Cellfood has not been shown to treat or cure cancer.
Cellfood is a line of dietary supplements sold over the internet and in health food stores. Promoters claim that it contains minerals, enzymes, amino acids, and dissolved oxygen, which hyperoxygenates the body. Lab studies show that Cellfood has antioxidant effects, and causes some cancer cells to die. But this has not been shown in humans.
There is no scientific evidence to support use of Cellfood for the following purported uses:
To prevent and treat cancer
To enhance athletic performance
You are undergoing chemotherapy or radiation therapy (antioxidants may reduce their effectiveness).
Cellfood (Manufactured by Nu Science / Deutrel Industries)
Cellfood is a line of dietary supplements and topical preparation manufactured by NuScience Corporation. The original formula is said to contain colloidal minerals, amino acids, enzymes and dissolved oxygen (1). It is marketed as a free radical scavenger to help detoxify the body and to enhance athletic performance. Cellfood is also promoted to cancer patients based on the theory that cancer and degenerative diseases are caused by oxygen deficiency at the cellular level.
In vitro studies show that Cellfood has antioxidant (2)(3) and antiproliferative effects (4)(5).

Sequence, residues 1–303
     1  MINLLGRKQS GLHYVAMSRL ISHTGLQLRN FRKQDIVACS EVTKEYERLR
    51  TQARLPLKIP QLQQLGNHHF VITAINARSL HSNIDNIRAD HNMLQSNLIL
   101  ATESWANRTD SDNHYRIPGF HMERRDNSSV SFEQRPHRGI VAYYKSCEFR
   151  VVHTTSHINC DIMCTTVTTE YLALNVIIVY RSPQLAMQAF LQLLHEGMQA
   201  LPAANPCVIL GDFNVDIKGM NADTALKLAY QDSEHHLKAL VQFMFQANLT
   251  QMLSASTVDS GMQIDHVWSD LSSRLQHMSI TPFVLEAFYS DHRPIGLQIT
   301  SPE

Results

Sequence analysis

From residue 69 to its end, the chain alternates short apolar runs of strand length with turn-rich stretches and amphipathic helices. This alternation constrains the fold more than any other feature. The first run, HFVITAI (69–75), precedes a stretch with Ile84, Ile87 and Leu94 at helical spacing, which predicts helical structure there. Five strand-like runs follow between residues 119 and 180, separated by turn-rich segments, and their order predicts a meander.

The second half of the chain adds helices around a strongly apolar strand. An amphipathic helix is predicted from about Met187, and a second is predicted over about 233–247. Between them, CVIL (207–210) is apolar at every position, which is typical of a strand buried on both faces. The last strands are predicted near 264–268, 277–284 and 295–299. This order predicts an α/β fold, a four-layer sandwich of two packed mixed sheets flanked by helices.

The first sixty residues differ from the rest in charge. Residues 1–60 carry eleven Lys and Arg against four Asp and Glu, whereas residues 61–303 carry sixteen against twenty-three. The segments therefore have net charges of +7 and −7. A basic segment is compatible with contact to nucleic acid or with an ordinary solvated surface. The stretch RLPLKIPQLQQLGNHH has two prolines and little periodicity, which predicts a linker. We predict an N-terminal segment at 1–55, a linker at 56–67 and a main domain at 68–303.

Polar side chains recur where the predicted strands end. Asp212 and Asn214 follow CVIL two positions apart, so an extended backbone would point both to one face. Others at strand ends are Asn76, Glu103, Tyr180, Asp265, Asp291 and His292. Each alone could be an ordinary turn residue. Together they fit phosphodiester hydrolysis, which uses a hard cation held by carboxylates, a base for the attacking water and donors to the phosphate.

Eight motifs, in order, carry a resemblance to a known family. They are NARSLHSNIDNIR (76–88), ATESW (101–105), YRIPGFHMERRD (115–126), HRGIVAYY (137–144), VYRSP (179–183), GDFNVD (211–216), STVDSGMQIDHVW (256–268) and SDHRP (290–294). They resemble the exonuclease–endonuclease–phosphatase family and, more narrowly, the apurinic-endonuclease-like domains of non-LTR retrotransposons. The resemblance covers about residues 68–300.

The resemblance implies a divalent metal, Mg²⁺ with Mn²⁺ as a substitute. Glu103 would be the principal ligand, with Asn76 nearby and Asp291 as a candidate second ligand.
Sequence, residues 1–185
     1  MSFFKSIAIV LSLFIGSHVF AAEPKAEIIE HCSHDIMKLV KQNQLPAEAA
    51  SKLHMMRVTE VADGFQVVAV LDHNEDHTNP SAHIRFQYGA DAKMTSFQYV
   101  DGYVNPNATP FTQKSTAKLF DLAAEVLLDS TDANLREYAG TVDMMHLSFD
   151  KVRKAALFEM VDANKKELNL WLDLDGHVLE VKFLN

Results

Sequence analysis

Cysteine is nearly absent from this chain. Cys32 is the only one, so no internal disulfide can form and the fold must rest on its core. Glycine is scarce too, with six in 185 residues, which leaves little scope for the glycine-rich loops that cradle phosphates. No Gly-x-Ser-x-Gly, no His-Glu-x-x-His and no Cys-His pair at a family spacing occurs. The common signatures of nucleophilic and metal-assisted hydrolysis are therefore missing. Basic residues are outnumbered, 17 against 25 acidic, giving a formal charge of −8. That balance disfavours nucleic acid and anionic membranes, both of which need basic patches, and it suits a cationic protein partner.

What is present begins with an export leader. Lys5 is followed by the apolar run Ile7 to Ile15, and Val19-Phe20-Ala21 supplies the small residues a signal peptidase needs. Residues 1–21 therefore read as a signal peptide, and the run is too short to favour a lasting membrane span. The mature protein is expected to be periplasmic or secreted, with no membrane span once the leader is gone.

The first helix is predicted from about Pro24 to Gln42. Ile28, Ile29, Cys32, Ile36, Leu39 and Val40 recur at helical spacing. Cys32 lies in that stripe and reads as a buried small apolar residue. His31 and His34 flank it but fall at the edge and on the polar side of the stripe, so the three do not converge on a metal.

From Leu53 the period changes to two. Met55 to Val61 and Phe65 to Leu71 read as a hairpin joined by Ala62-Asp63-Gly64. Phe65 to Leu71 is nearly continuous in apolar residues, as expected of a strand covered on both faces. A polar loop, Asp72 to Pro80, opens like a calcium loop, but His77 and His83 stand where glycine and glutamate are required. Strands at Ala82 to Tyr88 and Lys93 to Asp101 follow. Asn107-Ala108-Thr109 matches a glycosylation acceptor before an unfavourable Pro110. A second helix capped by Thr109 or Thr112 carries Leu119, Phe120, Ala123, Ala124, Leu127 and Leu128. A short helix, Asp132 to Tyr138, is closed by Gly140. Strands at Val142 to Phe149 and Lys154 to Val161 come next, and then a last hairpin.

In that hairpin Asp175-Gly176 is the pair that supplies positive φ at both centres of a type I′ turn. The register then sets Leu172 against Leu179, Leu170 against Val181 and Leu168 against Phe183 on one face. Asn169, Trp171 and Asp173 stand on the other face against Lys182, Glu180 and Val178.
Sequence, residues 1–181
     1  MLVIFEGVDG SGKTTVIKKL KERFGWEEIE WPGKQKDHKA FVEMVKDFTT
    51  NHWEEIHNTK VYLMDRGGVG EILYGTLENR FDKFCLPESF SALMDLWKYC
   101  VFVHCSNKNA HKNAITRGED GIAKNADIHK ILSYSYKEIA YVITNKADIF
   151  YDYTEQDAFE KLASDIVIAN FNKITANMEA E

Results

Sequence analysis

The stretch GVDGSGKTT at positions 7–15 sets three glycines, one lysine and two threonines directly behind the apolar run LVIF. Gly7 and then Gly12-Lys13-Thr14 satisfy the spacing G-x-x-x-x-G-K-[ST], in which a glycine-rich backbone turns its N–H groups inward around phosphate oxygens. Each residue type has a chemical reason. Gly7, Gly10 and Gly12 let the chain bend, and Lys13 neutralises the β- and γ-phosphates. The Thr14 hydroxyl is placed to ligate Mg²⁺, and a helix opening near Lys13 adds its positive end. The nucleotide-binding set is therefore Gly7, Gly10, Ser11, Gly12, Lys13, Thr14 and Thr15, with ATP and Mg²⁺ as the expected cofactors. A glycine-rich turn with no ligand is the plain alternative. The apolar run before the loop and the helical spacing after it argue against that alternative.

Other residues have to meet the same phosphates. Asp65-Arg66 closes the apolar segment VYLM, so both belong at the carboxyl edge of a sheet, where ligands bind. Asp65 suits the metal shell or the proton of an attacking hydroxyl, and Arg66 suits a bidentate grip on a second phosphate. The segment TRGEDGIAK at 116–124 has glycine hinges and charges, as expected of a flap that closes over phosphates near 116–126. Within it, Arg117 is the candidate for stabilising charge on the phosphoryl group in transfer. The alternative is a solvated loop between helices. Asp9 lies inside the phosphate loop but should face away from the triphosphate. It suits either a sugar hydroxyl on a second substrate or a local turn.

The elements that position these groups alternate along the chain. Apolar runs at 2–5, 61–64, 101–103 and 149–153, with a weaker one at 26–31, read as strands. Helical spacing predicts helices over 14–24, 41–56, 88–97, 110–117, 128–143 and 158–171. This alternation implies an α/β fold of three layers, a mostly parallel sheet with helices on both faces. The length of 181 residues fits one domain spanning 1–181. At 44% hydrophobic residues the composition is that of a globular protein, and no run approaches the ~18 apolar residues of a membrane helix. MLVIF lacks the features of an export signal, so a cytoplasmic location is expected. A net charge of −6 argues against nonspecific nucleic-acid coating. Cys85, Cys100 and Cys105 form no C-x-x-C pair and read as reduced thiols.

Observations from small studies indicate that it may alleviate symptoms of fibromyalgia (6); an improvement in oxidative status and homocysteine metabolism was reported with a combination of cellfood and chelation treatment in patients with neurodegenerative diseases (7).
Cellfood has not been studied in cancer patients.
Athletic performance enhancement
Cellfood demonstrated antioxidant effects in vitro (2)(3) and proapoptotic effects in human mesothelioma and colon cancer cells, which correlated with increased expression of tumor suppressor genes p53, p21, and p27; downregulation of the oncogenes c-myc and Bcl-2; and inhibition of activation of antiapoptotic protein kinase, Akt (4). Cellfood also showed antiproliferative effects in leukemia cells by inducing apoptosis and by altering the metabolism of cancerous cells through regulating the hypoxia inducible factor 1 alpha (HIF-1α) and glucose transporter 1 (GLUT-1) (5).
Theoretically, antioxidants can decrease the efficacy of certain chemotherapy drugs that rely on the generation of free radicals for their cytotoxic effects. Supplements with antioxidant properties are not recommended during chemotherapy and radiotherapy.